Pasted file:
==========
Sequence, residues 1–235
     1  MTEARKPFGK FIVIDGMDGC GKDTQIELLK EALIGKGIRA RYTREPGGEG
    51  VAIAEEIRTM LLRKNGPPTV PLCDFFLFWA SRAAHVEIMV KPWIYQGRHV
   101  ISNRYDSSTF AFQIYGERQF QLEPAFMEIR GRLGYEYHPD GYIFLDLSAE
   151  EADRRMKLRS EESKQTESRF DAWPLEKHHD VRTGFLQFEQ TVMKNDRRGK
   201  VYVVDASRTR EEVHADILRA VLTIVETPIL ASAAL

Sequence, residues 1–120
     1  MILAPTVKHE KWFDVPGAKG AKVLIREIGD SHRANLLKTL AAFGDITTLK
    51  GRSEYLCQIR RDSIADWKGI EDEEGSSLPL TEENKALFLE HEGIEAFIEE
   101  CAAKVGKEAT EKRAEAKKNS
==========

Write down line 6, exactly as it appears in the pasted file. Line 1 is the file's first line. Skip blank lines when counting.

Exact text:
   201  VYVVDASRTR EEVHADILRA VLTIVETPIL ASAAL